The problem is more or less classic. The overload resolution starts by
building a list of possible functions; in this case, functions named
`operator*`

. To do this, it adds all `operator*`

functions which are in
scope to the list, and it tries to instantiate all function templates by
applying type deduction; if type deduction succeeds, it adds the
instantiation of the template to the list. (A function template is
**not** a function. An instantiation of the function template is a
function.)

The rules for template type deduction are different than those used in
overload resolution. In particular, only a very small set of
conversions are considered. User defined conversion operators are not
considered. The result is that in `m1 * m2`

, type deduction for
`operator*`

fails (since it would require a conversion which isn't
considered). So no instantiation of the function template is added to
the list, and there is no other `operator*`

.

More generally: you're `operator T2()`

wouldn't allow type deduction
even if it were allowed; there are a infinite number of conversions
which would match `operator*`

. I suspect, in fact, that you've made it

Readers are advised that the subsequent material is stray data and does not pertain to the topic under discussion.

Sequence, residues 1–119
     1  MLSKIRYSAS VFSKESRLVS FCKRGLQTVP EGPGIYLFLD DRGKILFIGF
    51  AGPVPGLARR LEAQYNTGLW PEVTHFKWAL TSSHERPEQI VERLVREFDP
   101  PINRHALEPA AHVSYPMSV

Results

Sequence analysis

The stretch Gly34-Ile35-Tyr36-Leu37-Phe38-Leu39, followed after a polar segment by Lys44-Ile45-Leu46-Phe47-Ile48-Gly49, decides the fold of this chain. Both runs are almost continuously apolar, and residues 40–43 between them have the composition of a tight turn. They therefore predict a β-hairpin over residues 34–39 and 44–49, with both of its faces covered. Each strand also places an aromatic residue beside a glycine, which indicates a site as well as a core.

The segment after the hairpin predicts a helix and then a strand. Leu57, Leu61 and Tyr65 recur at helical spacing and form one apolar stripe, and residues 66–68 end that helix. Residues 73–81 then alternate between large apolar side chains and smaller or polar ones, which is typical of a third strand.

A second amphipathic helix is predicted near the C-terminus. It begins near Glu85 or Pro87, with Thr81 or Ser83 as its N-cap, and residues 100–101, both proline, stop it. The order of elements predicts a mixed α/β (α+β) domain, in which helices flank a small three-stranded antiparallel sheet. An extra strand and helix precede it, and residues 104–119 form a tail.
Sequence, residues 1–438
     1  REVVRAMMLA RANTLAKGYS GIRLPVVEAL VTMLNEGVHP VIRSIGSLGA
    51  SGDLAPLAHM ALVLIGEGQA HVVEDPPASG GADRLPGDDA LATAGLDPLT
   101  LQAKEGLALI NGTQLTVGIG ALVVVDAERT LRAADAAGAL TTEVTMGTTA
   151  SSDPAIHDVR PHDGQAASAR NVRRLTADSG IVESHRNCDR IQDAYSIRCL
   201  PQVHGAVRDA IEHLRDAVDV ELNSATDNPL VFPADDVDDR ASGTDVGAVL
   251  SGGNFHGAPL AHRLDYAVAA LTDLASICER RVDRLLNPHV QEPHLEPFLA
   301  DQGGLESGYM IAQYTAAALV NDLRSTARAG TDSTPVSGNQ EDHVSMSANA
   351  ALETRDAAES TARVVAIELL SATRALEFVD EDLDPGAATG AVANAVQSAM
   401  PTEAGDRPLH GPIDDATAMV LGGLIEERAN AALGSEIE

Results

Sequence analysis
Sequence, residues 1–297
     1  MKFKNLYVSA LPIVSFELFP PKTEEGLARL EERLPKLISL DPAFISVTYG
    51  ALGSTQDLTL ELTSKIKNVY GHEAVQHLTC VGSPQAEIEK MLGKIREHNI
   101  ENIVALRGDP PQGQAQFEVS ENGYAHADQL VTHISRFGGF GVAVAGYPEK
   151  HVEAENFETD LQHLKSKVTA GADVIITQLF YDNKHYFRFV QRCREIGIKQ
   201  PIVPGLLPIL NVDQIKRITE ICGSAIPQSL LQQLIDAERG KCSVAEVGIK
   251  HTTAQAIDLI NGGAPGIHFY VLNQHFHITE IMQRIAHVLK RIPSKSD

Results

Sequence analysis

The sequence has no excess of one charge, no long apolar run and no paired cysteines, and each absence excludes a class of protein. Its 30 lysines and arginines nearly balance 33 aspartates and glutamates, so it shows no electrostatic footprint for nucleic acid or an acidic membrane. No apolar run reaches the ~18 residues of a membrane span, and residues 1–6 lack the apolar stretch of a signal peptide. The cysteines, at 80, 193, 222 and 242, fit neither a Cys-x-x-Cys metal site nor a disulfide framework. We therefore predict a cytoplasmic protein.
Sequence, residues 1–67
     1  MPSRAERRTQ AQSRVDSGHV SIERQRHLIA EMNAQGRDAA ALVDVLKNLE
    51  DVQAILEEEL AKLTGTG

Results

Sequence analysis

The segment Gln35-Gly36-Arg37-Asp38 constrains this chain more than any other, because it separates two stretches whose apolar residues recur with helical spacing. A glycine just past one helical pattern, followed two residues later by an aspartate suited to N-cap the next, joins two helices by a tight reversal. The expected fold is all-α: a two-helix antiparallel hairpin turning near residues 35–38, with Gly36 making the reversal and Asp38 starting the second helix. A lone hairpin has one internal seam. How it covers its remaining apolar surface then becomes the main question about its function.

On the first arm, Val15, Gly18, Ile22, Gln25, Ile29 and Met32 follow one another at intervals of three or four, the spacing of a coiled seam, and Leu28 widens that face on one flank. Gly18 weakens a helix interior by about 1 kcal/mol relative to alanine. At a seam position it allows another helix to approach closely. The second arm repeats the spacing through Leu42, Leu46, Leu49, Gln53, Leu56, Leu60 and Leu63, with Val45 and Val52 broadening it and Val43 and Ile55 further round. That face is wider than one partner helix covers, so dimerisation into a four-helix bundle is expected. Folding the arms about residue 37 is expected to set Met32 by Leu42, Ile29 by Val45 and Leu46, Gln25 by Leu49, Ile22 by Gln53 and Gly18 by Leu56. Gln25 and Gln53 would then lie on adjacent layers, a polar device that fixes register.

too general; that you want an `operator Matrix<M, N, T2>()`

. (Not that
this will help here, but there are contexts where it might eliminate an
ambiguity.)

You might be able to make it work by defining a:

```
template<size_t P, tyepname OtherT>
Matrix<M, P, T> operator*( Matrix<N, P, T> const& rhs ) const;
```

, then doing the conversion inside the operator*. (I haven't tried it,
and am not sure, but I think your existing `operator*`

should be
considered “more specialized”, and thus be chosen when type
deduction succeeds for both.)

Having said this, I think the way you're doing it is the wrong approach.
Do you really want the return types of `m1 * m2`

and `m2 * m1`

to be
different. For starters, I'd require the client code to make the
conversion explicit (which is the case in your current code); if you do
want to support the implicit conversions, I think you need to make the
`operator*`

a global, use some sort of simple meta-programming to
determine the correct return type (i.e. given Matrices of `long`

and
`unsigned`

, you might want to have a return type of `unsigned long`

,
since this is what mixed type arithmetic with these types gives
otherwise), convert both sides to the target type, and do the arithmetic
on it. A lot of work for what is probably not a very important or
useful feature. (Just my opinion, of course. If your clients really
want the mixed type arithmetic, and are willing to pay for it...)

anyscope. See here for details. – Cody Gray Dec 21 '11 at 8:44anywhereare reserved for the implementation. – Charles Bailey Dec 21 '11 at 8:48